It’s almost time for sunscreen, something you won’t need to purchase if you plan on staying in the cool, dark space of the movie theater from June through August. But what are you going to see? How could you possibly know what’s coming out and when? Did you even know there’s a Superman movie on the way? Of course you did. Geoff and I have combed through studio press releases, had a lot of secret meetings in parking garages, and decided to talk about 6 Limited Release Summer Movies that might have slipped under the cape-filled radar. Plus, our big interview is with Cheech and Chong, who review Derek Cianfrance’s The Place Beyond the Pines and promise to make Up in Smoke 2 if their new animated movie makes $100m in its opening week. For more from us on a daily basis, follow the show (@brokenprojector), Geoff (@drgmlatulippe) and Scott (@scottmbeggs) on the Twitter. And, as always, we welcome your feedback. Download Episode #15 Directly Or subscribe Through iTunes

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Sundance: Stories We Tell

The first thing that director Sarah Polley asks of the subjects of her documentary debut, Stories We Tell, is for “the whole story.” She asks for it with little fanfare and with an obvious desire to allow her subjects as long as they need to tell that whole story. But, more than anything, Polley asks for that truth honestly, believing that there actually is some whole story to be revealed and that enough time and patience and questions will allow it to show itself. It’s a wild idea, really, asking for honesty and cohesion, even when it comes to documentary filmmaking, a process that, more than anything, aims to illuminate truth and real stories. And yet, it’s also an insane demand – stories are subjective, memory so fickle, experience so fractured – can we expect people to give Polley one satisfying story? On the other hand, we can’t blame Polley for asking for such truth because, after all, she’s not just the film’s director – she’s also its subject.

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park city cloudy

My first full day of my very first Sundance was yesterday, and I’m already tired. Sadly, there were no obese snorers for me to kick like there was during my first movie on Saturday (he did not appreciate it), but that doesn’t mean I haven’t been witnessing some other sad behaviors. But let’s look at the good stuff first…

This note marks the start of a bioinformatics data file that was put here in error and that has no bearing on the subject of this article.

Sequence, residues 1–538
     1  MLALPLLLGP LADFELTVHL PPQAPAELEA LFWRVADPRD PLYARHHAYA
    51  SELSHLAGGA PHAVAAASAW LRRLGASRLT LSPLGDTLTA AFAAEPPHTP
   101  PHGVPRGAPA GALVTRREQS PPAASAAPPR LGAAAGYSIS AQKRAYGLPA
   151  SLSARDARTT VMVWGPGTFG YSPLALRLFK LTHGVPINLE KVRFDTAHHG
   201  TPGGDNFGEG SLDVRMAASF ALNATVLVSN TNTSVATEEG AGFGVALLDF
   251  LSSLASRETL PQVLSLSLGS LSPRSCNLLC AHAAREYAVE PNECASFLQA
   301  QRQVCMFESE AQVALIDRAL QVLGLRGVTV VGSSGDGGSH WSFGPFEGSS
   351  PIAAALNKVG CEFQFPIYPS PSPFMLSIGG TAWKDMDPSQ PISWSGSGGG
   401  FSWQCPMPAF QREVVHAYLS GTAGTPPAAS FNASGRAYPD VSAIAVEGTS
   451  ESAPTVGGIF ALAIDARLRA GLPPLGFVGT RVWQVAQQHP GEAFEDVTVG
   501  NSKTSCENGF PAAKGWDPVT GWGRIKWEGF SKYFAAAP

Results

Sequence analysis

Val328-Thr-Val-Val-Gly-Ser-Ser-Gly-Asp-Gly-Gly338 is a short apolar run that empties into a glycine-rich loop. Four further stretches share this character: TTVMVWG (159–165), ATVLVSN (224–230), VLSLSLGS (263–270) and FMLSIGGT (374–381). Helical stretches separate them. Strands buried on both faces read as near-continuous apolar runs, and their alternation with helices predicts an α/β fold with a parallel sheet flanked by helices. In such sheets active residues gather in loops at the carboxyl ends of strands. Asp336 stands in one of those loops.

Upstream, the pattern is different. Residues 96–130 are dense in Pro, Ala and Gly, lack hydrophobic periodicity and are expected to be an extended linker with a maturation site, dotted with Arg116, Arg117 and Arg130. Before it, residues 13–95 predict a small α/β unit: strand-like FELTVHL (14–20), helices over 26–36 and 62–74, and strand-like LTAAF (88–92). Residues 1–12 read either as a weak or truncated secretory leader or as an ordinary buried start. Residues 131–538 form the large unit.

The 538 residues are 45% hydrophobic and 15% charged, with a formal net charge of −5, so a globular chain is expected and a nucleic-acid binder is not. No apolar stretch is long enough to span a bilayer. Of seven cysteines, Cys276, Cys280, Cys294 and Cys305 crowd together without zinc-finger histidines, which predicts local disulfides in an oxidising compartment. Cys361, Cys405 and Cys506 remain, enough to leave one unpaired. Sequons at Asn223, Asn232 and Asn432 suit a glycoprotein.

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The East

With the year’s first large scale film fest, the Sundance Film Festival, kicking off later this week, it’s high time that we started making some predictions about some of the films that are most likely to explode off the screen up in snowy Park City. Every Sundance (and, really, every major film festival) churns out its darlings, its favorites, its gems, those films that take weary festival-loving audiences by storm and become not only the talk of the festival, but the talk of the cinematic world. Of course, anyone who has ever attended even a massive festival like Sundance knows that festival buzz doesn’t exactly spell out mainstream success, but it’s sure as hell a nice place to start. While our intrepid Sundance team – myself, Allison, and Rob – have already weighed in our individual “most anticipated” films of the festival, those personal picks don’t cover the full gamut of films poised to become the big ticket films at this year’s festival. Here’s our attempt to sniff those babies out. After the break, check out the fifteen films we’re banking on to light up this year’s Sundance.

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C.O.G.

Film festival scheduling is a delicate art, a precarious balance of needs and desires, a rigorous exercise in making puzzle pieces fit. It’s hard, is what I’m saying, and it’s harder still when a fest’s programming is rounded out with so many films that sound so good – like this year’s Sundance Film Festival slate. As the fest rolled out their picks late last year, I’d spend whole mornings squealing over their listings, getting jazzed weeks in advance for films I hoped I’d be able to see. After all that, I’ve narrowed down my picks to ten films I cannot wait to see, a list that includes some Sundance favorites, some returning stars, Canada’s best film of the year, a possible break-out hit or two, and even a doc about mountain climbing, because those are just the sorts of films I wait all year to see at Sundance. Take a look at the ten films I’m most likely to shiv someone in order to see, after the break.

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Sarah Polley